• Georgian is a post-positional language, meaning that adpositions are placed after (rather than before) the nouns they modify, either as suffixes or as separate words. Many Georgian postpositions correspond to the meanings of prepositions in English. Each postposition requires the modified noun to be in a specific case. (This is similar to prepositions governing specific cases in many Indo-European languages such as German, Latin, Russian, and so on.)
  • Georgian has a subject-verb-object primary sentence structure, but the word order is not as strict as in some Germanic languages such as English. Not all word orders are acceptable, but it is also possible to encounter the structure of subject-object-verb. Georgian has no grammatical gender; even pronouns are gender-neutral. The language also has no articles. Therefore, for example, "guest", "a guest" and "the guest" are said in the same way. In relative clauses, however, it is possible to establish the meaning of the definite article through use of some particles.

Vocabulary

Georgian has a rich word-derivation system. By using a root, and adding some definite prefixes and suffixes, one can derive many nouns and adjectives from the root. For example, from the root -Kart-, the following words can be derived: Kartveli (a Georgian person), Kartuli (the Georgian language) and Sakartvelo (Georgia).

Most Georgian surnames end in -dze ("son") (Western Georgia), -shvili ("child") (Eastern Georgia), -ia (Western Georgia, Samegrelo), -ani (Western Georgia, Svaneti), -uri (Eastern Georgia), etc. At least two personalities with Georgian surnames are known abroad: Eduard Shevardnadze and Joseph Stalin, whose birth name was Dzhugashvili.

Georgian has a vigesimal number system, based on the counting system of 20, like Basque or Old French. In order to express a number greater than 20 and less than 100, first the number of 20s in the number is stated and the remaining number is added. For example, 93 is expressed as ოთხმოცდაცამეტი - otkh-m-ots-da-tsamet'i (lit. four-times-twenty-and-thirteen).

Examples

Word formations

Georgian has a word derivation system, which allows the derivation of nouns from verb roots both with prefixes and suffixes. For example:

  • From the root -ts'er- ("write"), the words ts'erili ("letter") and mts'erali ("writer") are derived.
  • From the root -tsa- ("give"), the word gadatsema ("broadcast") is derived.
  • From the root -tsda- ("try"), the word gamotsda ("exam") is derived.
  • From the root -gav- ("resemble"), the words msgavsi ("similar") and msgavseba ("similarity") are derived.
  • From the root -šen- ("build"), the word šenoba ("building") is derived.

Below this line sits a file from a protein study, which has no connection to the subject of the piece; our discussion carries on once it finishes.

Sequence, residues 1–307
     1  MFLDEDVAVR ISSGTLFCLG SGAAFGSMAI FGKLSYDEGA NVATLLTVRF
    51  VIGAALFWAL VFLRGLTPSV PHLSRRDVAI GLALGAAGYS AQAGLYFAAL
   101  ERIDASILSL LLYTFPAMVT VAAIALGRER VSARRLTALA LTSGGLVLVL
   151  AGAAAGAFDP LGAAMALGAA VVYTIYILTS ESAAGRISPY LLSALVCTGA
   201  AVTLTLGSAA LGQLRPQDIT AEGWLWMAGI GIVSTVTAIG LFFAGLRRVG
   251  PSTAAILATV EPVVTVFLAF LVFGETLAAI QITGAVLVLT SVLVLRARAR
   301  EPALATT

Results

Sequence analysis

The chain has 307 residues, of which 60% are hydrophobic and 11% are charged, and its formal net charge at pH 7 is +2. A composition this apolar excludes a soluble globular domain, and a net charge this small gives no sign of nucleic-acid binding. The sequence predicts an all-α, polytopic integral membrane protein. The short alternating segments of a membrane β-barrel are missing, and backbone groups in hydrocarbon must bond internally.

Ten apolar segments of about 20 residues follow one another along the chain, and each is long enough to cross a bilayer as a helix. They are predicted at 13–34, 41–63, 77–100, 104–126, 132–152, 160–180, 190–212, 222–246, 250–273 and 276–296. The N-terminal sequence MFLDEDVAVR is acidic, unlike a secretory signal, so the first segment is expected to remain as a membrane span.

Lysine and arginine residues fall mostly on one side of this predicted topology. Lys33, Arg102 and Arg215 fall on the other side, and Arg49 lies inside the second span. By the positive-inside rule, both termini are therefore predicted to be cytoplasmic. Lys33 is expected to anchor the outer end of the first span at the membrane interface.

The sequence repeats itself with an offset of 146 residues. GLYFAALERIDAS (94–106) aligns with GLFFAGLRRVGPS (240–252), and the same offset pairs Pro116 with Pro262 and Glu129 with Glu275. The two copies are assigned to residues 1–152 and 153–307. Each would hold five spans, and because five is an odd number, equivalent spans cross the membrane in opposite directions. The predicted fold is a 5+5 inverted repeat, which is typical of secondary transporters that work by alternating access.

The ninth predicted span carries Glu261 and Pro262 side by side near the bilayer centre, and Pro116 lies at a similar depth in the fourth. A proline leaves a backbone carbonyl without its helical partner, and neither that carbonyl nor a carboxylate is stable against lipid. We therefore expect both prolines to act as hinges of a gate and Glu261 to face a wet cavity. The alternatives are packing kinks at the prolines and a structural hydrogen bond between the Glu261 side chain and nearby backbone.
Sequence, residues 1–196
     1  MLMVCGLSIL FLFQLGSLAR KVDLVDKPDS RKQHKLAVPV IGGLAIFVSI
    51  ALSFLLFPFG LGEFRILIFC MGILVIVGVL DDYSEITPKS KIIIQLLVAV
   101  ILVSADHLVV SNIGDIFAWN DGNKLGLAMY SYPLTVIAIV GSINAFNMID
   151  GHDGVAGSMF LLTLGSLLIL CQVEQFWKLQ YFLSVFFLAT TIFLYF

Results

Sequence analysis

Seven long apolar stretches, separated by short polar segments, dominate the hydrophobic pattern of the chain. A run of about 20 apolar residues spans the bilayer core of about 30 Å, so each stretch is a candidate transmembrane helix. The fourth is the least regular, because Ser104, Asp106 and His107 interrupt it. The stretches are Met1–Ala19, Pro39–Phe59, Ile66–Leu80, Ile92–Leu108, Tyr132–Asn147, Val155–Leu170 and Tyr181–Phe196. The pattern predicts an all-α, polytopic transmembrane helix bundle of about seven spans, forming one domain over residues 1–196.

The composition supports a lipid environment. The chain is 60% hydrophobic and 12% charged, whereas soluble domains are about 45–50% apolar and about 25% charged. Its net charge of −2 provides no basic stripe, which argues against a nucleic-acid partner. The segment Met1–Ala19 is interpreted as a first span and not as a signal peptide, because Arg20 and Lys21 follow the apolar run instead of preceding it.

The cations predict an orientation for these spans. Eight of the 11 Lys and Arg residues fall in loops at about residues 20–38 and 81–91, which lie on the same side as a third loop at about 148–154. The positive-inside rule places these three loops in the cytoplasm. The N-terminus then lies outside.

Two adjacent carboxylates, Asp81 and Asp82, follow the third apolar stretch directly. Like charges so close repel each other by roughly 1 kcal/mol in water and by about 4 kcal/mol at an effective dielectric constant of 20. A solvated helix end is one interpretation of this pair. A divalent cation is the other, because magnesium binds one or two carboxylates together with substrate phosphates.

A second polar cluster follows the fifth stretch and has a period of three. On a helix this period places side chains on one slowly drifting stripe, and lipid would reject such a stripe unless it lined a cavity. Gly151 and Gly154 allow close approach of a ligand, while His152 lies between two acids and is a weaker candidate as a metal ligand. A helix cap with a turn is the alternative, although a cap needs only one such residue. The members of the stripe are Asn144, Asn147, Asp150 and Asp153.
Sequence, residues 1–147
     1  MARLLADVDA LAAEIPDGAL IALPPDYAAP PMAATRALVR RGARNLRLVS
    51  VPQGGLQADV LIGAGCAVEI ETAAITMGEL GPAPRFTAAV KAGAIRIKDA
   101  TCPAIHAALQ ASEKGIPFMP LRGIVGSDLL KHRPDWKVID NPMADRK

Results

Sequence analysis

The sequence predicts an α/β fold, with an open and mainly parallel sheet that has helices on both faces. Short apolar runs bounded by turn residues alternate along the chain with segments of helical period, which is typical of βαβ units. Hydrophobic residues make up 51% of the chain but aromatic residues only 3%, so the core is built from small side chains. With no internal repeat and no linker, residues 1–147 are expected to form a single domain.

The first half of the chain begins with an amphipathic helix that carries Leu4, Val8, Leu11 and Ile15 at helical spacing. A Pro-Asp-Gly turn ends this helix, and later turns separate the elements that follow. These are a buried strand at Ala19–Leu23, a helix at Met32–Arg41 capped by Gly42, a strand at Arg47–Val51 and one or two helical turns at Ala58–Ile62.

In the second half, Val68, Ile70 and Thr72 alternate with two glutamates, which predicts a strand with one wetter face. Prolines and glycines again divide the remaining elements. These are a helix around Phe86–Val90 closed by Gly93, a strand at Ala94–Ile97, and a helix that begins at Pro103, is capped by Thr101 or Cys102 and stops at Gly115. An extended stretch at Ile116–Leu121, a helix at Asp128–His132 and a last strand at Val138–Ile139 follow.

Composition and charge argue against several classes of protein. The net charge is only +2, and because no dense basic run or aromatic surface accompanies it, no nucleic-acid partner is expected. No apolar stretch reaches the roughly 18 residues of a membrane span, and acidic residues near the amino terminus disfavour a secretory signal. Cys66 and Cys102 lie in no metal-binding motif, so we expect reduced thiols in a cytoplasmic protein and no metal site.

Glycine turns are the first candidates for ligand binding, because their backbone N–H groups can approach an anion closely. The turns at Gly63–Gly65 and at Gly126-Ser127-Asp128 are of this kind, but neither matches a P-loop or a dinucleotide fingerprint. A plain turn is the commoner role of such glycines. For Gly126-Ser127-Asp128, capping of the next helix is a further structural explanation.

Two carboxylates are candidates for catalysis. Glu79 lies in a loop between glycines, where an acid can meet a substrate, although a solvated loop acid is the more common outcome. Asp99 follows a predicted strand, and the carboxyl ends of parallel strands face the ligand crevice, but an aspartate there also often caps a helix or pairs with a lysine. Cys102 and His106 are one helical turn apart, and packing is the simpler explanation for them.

• From the root -tskh- ("bake"), the word namtskhvari ("cake") is derived.
  • From the root -tsiv- ("cold"), the word matsivari ("refrigerator") is derived.
  • From the root -pr- ("fly"), the words tvitmprinavi ("plane") and aprena ("take-off") are derived.

It is also possible to derive verbs from nouns:

  • From the noun -omi- ("war"), the verb omob ("wage war") is derived.
  • From the noun -sadili- ("lunch"), the verb sadilob ("eat lunch") is derived.
  • From the noun -sauzme ("breakfast"), the verb ts'asauzmeba ("eat a little breakfast") is derived; the preverb ts'a- in Georgian could add the meaning "VERBing a little."
  • From the noun -sakhli- ("home"), the verb gadasakhleba (the infinite form of the verb "to relocate, to move") is derived.

Likewise, verbs can be derived from adjectives:

  • From the adjective -ts'iteli- ("red"), the verb gats'itleba (the infinite form of both "to blush" and "to make one blush") is derived. This kind of derivation can be done with many adjectives in Georgian. Other examples can be:
  • From the adjective -brma ("blind"), the verbs dabrmaveba (the infinite form of both "to become blind" and "to blind someone") are derived.
  • From the adjective -lamazi- ("beautiful"), the verb galamazeba (the infinite form of the verb "to become beautiful") is derived.

Words that begin with multiple consonants

In Georgian many nouns and adjectives begin with two or more contiguous consonants.

  • Some linguists assert that almost half of the words in Georgian begin with double consonants. This is because most syllables in the language begin with certain two consonants. Some examples of words that begin with double consonants are:
    • წყალი, (ts'q'ali), "water"
    • სწორი, (sts'ori), "correct"
    • რძე , (rdze), "milk"
    • თმა, (tma), "hair"
    • მთა, (mta), "mountain"
    • ცხენი, (tskheni), "horse"
  • There are also many words that begin with three contiguous consonants:
    • თქვენ, (tkven), "you (plural)"
    • მწვანე, (mts'vane), "green"
    • ცხვირი, (tskhviri), "nose"
    • ტკბილი, (t'k'bili), "sweet"
    • მტკივნეული, (mt'k' ivneuli), "painful"
    • ჩრდილოეთი, (črdiloeti), "north"
  • There are also a few words in Georgian that begin with four contiguous consonants. Examples are:
    • მკვლელი, (mk'vleli), "murderer"
    • მკვდარი, (mk'vdari), "dead"
    • მთვრალი, (mtvrali), "drunk"
    • მწკრივი; (mts'k'rivi), "row"
  • There can also be some extreme cases in Georgian. For example, the following word begins with six contiguous consonants:
    • მწვრთნელი, (mts'vrtneli), "trainer"
  • And the following words begin with eight consonants:
    • გვფრცქვნი (gvprtskvni), "you peel us"
    • გვბრდღვნი (gvbrdgvni), "you tear us"

See also

References

Bibliography

  • Pavle Ingorokva. Georgian inscriptions of antique.- Bulletin of ENIMK, vol. X, Tbilisi, 1941, pp. 411-427 (in Georgian)
  • Zaza Aleksidze. Epistoleta Tsigni, Tbilisi, 1968, 150 pp (in Georgian)
  • Korneli Danelia, Zurab Sarjveladze. Questions of Georgian Paleography, Tbilisi, 1997, 150 pp (in Georgian, English summary)
  • Elene Machavariani. The graphical basis of the Georgian Alphabet, Tbilisi, 1982, 107 pp (in Georgian, French summary)
  • Ivane Javakhishvili. Georgian Paleography, Tbilisi, 1949, 500 pp (in Georgian)
  • Ramaz Pataridze. The Georgian Asomtavruli, Tbilisi, 1980, 600 pp (in Georgian)
  • "Great discovery" (about the expedition of Academician Levan Chilashvili).- Newspaper "Kviris Palitra", Tbilisi, April 21-27, 2003 (in Georgian)

External links